Business continuity planning is about making sure that your organisation can cope if a major event happens that significantly disrupts your ability to deliver for your beneficiaries or funders. It could be a catastrophic event such as a flood, fire or terrorist attack or a major loss of systems or resources brought about by, for example, a flu (or other) epidemic, an IT failure or loss of use of a building (e.g. if asbestos is found).
While having a low probability of happening, business continuity events have major (and possibly catastrophic) impacts on your organisation, its beneficiaries and/or its funders/partners. Good plans will ensure that you can cope if and when such an event occurs and recover quickly afterwards. It’s not about sustaining business as usual but rather focusing on critical activities that will reduce the impact, avoid the most serious consequences and ensure the survival of your organisation.
In an increasingly uncertain world, business continuity planning is all the more important for all organisations but, more importantly, for your beneficiaries. It’s surprising how many of our clients have had business continuity events over the last 5-10 years, demonstrating that business contuinty planning is rarely a fruitless paper exercise.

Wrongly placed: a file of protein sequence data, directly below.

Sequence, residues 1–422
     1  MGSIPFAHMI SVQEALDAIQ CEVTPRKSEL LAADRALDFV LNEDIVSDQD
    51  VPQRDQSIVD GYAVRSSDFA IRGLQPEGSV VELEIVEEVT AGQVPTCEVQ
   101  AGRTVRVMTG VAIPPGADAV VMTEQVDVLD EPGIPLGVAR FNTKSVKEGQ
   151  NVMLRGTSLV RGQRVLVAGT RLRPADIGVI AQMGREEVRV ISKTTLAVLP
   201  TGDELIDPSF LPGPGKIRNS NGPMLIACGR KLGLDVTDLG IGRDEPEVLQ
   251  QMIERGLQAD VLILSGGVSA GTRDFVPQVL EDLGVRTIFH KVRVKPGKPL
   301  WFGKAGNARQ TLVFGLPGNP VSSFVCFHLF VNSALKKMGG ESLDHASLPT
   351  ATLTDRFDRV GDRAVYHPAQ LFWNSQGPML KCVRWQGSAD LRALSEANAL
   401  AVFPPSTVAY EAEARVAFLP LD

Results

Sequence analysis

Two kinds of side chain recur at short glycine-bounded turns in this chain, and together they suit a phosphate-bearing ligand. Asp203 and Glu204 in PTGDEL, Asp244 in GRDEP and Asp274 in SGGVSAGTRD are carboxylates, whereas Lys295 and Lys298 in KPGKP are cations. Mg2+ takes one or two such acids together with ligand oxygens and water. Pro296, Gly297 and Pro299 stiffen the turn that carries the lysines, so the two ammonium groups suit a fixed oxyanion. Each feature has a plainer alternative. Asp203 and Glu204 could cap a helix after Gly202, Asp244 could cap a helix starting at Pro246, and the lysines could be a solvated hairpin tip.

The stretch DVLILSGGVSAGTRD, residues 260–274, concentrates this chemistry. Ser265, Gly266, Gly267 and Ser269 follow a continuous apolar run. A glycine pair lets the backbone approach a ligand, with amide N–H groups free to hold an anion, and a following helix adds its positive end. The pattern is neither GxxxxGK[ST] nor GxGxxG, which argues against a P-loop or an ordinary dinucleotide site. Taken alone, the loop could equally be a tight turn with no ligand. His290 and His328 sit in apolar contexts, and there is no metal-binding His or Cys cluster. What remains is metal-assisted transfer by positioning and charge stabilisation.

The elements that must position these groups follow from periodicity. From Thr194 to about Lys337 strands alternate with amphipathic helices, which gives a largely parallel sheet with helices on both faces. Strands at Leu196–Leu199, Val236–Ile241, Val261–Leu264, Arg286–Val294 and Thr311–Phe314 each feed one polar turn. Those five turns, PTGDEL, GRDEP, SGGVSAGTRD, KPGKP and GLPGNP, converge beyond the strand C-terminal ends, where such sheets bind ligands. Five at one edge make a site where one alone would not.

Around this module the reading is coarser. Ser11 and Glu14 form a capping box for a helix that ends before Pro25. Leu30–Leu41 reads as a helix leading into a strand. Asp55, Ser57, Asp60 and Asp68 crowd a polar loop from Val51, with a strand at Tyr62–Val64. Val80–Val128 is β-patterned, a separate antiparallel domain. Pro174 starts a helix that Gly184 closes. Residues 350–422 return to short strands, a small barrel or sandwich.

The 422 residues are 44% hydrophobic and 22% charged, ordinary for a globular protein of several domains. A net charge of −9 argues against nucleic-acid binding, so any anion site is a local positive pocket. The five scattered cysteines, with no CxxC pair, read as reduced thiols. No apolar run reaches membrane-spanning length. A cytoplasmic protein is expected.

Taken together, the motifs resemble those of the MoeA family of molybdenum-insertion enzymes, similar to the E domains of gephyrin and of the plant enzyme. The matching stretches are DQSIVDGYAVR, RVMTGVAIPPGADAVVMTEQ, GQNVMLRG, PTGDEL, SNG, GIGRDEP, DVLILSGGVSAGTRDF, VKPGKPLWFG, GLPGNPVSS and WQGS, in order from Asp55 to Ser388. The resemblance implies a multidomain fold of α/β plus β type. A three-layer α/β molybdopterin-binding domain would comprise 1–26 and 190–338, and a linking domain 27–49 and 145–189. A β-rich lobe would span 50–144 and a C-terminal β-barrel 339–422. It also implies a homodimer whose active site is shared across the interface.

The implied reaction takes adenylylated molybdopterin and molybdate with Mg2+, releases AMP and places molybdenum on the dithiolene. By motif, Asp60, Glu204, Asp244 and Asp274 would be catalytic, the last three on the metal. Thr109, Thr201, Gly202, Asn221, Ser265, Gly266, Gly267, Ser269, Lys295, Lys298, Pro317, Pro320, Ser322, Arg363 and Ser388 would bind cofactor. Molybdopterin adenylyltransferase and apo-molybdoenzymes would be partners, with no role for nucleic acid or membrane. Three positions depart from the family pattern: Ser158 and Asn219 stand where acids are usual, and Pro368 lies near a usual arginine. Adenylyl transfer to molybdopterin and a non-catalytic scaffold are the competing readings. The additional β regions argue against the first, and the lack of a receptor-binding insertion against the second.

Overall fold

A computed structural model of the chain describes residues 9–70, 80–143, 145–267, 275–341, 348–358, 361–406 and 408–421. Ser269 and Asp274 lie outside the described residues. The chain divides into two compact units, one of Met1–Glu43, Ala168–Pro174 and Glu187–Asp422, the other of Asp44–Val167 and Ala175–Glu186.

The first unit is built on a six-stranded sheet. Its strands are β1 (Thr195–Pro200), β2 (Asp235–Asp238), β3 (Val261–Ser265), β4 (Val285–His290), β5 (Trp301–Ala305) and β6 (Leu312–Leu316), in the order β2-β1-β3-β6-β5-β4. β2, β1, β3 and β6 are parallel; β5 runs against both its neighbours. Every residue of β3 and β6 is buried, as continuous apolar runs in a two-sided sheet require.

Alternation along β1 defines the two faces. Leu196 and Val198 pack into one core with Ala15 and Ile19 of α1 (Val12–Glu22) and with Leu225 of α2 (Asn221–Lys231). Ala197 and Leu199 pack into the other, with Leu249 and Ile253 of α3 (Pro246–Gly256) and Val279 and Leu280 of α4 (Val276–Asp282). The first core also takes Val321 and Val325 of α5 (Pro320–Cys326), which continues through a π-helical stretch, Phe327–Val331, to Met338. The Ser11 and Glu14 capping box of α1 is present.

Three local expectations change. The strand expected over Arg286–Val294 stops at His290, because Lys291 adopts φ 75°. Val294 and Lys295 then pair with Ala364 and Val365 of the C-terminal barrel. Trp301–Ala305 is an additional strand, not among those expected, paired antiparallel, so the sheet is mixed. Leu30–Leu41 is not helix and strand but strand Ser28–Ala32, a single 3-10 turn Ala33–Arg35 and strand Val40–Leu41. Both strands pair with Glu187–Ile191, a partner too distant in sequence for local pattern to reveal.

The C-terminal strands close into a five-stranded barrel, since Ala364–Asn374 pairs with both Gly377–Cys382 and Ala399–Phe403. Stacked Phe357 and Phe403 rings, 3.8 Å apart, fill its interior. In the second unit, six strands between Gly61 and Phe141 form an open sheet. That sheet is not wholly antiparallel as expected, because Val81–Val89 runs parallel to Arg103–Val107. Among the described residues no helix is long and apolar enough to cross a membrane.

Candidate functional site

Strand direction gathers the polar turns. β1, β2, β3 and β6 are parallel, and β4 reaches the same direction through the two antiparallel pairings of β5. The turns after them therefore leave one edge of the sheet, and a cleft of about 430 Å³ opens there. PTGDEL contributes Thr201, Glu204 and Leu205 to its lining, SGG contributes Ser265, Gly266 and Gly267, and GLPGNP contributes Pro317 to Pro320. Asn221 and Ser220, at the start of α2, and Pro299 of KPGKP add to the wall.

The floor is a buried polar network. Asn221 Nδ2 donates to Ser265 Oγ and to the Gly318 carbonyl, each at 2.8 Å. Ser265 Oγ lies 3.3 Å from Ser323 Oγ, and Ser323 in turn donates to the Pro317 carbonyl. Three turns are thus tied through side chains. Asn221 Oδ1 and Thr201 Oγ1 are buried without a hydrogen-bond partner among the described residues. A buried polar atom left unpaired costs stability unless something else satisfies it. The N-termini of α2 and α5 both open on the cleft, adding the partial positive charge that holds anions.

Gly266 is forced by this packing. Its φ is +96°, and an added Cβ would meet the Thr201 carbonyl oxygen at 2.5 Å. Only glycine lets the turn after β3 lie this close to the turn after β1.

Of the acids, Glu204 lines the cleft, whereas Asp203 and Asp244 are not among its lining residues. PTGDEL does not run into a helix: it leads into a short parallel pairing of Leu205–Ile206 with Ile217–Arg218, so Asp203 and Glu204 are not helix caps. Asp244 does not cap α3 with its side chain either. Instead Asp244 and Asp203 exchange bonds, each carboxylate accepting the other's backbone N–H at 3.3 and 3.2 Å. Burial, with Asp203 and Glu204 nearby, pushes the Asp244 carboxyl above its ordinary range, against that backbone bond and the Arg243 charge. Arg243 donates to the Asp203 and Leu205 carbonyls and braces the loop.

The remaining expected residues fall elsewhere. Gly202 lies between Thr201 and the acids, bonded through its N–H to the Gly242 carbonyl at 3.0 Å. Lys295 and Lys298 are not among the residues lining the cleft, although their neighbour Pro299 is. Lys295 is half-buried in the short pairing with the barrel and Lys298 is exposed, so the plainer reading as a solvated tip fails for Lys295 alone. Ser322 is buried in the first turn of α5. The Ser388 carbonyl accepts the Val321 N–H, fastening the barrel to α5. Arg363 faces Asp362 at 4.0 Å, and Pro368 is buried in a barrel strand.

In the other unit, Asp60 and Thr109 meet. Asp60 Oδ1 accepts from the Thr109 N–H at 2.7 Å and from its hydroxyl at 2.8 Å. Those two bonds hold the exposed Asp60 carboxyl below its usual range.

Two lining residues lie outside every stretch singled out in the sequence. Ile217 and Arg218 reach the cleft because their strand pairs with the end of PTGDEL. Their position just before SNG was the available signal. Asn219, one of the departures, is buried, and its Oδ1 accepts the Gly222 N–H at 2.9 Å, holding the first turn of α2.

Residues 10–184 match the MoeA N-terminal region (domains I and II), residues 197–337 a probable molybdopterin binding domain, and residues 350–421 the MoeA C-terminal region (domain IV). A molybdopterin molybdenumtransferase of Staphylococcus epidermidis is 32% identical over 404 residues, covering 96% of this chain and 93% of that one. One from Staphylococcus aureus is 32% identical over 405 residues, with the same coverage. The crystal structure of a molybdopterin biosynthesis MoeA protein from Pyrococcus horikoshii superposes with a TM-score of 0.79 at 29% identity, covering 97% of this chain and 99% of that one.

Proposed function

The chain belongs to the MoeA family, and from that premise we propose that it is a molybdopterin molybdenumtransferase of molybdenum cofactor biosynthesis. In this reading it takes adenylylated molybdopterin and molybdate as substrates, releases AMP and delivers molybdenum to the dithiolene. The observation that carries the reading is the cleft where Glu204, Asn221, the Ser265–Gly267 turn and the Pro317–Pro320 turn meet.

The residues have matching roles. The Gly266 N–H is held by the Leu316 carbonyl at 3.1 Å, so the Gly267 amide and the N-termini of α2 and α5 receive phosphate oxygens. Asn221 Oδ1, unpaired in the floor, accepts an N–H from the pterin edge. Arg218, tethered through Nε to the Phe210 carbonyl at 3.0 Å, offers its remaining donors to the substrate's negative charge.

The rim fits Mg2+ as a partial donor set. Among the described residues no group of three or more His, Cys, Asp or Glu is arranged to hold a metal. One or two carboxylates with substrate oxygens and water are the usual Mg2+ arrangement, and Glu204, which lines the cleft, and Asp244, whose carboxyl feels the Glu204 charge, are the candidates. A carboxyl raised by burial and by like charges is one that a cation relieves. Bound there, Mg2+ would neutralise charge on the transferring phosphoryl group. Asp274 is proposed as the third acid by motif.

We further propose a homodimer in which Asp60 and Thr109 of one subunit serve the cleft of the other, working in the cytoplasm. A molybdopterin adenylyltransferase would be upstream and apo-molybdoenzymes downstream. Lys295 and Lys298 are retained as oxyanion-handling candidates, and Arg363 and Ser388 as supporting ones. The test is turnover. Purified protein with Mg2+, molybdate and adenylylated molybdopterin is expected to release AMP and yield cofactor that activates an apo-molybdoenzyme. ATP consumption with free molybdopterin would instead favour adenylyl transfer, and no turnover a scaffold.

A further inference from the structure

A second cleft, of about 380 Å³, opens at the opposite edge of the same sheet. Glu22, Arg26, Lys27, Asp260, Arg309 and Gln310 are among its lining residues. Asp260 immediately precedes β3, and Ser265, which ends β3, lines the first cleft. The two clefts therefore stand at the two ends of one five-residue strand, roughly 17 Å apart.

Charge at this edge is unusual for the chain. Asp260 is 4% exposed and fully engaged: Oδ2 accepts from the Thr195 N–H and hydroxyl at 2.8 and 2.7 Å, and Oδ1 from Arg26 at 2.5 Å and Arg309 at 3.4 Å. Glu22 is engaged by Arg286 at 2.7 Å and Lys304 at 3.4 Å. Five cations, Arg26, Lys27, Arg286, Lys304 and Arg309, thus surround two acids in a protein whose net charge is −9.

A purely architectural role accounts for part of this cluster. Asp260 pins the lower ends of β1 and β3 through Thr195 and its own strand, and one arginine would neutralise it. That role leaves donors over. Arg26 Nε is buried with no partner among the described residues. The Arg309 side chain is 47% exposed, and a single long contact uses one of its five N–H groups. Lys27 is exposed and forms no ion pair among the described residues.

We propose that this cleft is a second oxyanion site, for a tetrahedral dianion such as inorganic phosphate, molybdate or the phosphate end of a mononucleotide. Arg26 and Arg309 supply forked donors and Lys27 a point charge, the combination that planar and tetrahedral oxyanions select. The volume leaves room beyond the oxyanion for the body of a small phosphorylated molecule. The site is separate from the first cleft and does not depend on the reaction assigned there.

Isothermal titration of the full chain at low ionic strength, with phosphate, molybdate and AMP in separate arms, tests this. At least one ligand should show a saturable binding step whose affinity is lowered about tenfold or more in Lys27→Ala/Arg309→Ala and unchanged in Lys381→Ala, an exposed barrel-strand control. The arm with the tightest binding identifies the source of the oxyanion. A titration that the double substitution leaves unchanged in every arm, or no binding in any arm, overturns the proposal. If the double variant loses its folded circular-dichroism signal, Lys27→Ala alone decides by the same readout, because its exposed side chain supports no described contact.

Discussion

Moreover, it’s not just about planning; testing your plans is essential. Research shows that having as business continuity plan will get you about 20% of the way towards an effective response but a regularly exercised plan will get you 80%+ of the way there. Investing time and effort in planning and testing the plans is, therefore, vital (and could make the difference between life and death in some cases).
My colleague John Eary, of JEC Professional Services offers comprehensive business continuity and disaster recovery consultancy services, including designing and facilitation of exercises. Business Continuity Made Simple, an article penned by John, provides a great introduction to the principles of business continuity and I commend it to you.
We strongly recommend that all charities and social enterprises, no matter how large or small they are, take business continuity planning seriously to ensure that, should a major event occur, you can do the best by your beneficiaries and stakeholders. It really is worth it.